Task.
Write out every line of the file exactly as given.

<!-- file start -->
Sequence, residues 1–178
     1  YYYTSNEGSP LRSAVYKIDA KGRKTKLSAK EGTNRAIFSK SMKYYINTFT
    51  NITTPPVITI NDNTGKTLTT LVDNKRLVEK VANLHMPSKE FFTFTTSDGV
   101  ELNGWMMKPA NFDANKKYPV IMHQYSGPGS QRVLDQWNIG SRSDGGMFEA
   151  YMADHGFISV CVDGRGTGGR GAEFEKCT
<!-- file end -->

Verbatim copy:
Sequence, residues 1–178
     1  YYYTSNEGSP LRSAVYKIDA KGRKTKLSAK EGTNRAIFSK SMKYYINTFT
    51  NITTPPVITI NDNTGKTLTT LVDNKRLVEK VANLHMPSKE FFTFTTSDGV
   101  ELNGWMMKPA NFDANKKYPV IMHQYSGPGS QRVLDQWNIG SRSDGGMFEA
   151  YMADHGFISV CVDGRGTGGR GAEFEKCT